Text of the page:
President Barack Obama delayed next week's Asian trip on Friday to seize on suddenly improved prospects for his sweeping health care legislation, as House Speaker Nancy Pelosi forecast final passage of the overhaul in days.
"It's going to be historic," she said as House and Senate leaders and the White House reached for final agreement on the measure.
Pelosi said it appeared a second administration priority, far-reaching changes in the student loan industry, would be added to the legislation. The measure would have the government originate assistance to needy college students, ending a system that has allowed banks and other private lenders to do so at a fee.
The change is estimated to save tens of billions of dollars over a decade, money that would be plowed back into higher Pell Grants and other student aid.
The health care legislation is designed to extend insurance to millions who lack it, while banning insurance company practices such as denying coverage to people who have been sick. Most Americans would be required to get coverage under law, and many would receive subsidies to make insurance more affordable.
Republicans are implacably opposed to the measure, which they say would amount to a government takeover of the health care system, financed by cuts to Medicare and higher taxes.
As a result, the prospect of a party-line vote on such far-reaching legislation ensures that the issue will reverberate into the fall elections for control of Congress.
At the White House, press secretary Robert Gibbs said Obama's scheduled trip to Indonesia, Guam and Australia will be pushed back from March 18 to March 21 and the president will return on March 26, instead of March 24. Gibbs said Obama made the decision after a conversation with Pelosi and Senate Majority Leader Harry Reid, D-Nev., in which they concluded the extra days would help in the push for votes.
Gibbs had insisted earlier that Congress act by March 18 — Obama's original departure date. But the White House seems to have backed off of that as Democratic leaders scurried to round up votes.
Additionally, the White House announced Obama would travel to Ohio on Monday — the third in a string of campaign-style appearances since he vowed several days ago to do everything in his power to assure enactment of his top domestic priority.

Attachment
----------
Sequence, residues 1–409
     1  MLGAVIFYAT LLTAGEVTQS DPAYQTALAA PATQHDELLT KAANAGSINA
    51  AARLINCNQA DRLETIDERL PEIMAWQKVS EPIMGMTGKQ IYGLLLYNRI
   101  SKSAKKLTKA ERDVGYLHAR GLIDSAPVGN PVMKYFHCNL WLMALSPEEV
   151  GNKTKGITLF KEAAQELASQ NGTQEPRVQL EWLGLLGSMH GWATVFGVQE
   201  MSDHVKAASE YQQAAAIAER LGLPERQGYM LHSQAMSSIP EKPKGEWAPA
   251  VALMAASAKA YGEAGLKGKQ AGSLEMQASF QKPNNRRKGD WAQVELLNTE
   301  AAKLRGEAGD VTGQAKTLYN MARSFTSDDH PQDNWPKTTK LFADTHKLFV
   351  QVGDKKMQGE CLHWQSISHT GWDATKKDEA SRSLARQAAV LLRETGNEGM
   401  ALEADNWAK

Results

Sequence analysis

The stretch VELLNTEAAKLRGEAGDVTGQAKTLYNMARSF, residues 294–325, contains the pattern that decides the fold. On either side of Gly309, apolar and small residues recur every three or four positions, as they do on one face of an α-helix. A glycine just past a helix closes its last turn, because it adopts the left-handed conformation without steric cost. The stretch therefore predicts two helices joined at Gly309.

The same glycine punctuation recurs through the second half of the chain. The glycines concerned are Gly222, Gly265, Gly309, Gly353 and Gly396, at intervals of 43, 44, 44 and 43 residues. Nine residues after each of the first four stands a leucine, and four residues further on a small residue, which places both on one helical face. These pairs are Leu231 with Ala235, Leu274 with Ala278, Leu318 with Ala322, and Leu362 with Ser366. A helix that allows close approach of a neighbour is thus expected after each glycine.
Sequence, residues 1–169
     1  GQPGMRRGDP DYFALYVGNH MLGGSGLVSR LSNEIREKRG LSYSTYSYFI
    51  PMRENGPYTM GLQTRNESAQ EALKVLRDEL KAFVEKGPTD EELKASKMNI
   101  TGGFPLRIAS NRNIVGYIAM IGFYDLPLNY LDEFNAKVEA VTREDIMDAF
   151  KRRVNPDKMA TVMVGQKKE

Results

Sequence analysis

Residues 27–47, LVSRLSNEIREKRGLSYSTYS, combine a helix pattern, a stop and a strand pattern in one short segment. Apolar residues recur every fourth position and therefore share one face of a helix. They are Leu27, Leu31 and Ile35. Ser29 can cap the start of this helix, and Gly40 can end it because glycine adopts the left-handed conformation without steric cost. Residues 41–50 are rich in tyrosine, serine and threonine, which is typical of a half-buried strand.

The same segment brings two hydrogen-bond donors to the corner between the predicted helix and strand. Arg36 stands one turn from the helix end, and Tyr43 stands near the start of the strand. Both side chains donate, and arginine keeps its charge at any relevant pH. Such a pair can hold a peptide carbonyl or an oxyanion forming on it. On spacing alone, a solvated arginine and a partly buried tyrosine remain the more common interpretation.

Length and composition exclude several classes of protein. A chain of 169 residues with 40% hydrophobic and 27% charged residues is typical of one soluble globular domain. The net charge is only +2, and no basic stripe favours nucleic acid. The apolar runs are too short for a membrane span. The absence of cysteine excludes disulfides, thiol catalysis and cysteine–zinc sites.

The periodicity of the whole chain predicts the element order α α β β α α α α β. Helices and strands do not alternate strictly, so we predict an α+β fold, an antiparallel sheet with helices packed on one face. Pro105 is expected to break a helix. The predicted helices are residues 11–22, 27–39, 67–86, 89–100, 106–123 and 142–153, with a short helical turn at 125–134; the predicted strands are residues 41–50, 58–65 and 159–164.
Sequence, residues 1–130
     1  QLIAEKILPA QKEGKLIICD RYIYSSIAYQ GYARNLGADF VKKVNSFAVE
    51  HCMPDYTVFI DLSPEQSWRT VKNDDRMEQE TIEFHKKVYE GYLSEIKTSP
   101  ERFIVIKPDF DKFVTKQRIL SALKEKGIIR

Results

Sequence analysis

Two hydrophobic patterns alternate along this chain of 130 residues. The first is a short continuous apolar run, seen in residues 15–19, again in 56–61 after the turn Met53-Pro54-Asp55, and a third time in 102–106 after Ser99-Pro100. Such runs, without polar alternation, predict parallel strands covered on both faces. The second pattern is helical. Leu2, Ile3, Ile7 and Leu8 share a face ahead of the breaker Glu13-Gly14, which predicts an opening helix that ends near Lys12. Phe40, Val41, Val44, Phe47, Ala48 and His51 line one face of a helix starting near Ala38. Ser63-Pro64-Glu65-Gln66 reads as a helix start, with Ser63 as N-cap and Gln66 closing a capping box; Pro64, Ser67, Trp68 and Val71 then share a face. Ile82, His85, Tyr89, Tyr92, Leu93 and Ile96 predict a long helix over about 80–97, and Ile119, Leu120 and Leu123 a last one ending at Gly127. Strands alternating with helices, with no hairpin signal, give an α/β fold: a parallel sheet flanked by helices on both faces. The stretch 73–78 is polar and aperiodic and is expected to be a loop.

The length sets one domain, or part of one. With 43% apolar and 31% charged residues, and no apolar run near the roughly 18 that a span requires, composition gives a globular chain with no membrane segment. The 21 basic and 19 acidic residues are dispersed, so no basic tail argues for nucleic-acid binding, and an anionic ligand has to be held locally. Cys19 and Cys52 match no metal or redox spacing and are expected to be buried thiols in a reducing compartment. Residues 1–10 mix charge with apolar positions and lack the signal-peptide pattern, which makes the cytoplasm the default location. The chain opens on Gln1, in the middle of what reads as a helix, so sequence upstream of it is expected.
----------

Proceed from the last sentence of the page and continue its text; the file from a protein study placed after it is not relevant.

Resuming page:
Pelosi spoke with reporters after a closed-door meeting of the Democratic rank and file, a session that she said left her feeling "very exhilarated" about the prospects of passing the legislation.
"We stand ready to stay as long as necessary" to finish it, she said. A two-week Easter break is scheduled to begin March 26.
"I think that we're at a very good place," she said, adding that a revised measure, complete with a cost estimate from the Congressional Budget Office, will be sent to the Budget Committee and posted on the Internet within a week.
The health care bill appeared on the cusp of passage in early January, but was derailed when Senate Republicans gained the strength needed to sustain a filibuster and prevent final approval.
In the weeks since, leaders have come up with a two-part rescue strategy. It calls for the House to pass legislation that cleared the Senate in December, despite numerous objections, and for both houses to follow immediately with a second bill that makes changes to the first.
The second, fix-it bill would be drafted under rules that prevent Republicans from demanding Democrats produce a 60-vote super-majority, a threshold now beyond their reach.
House Democrats continued private meetings Friday to review elements of the still-emerging fix-it bill, but few details were immediately available.
In general, though, it would provide additional assistance to lower-income families who are unable to afford insurance, help states that already provide above-average benefits under Medicaid, the state-federal health care program for the poor, as well as gradually close a gap in coverage under the Medicare prescription drug program.
Associated Press writers Erica Werner, Charles Babington, Ricardo Alonso-Zaldivar, Laurie Kellman and Ann Sanner contributed to this report.
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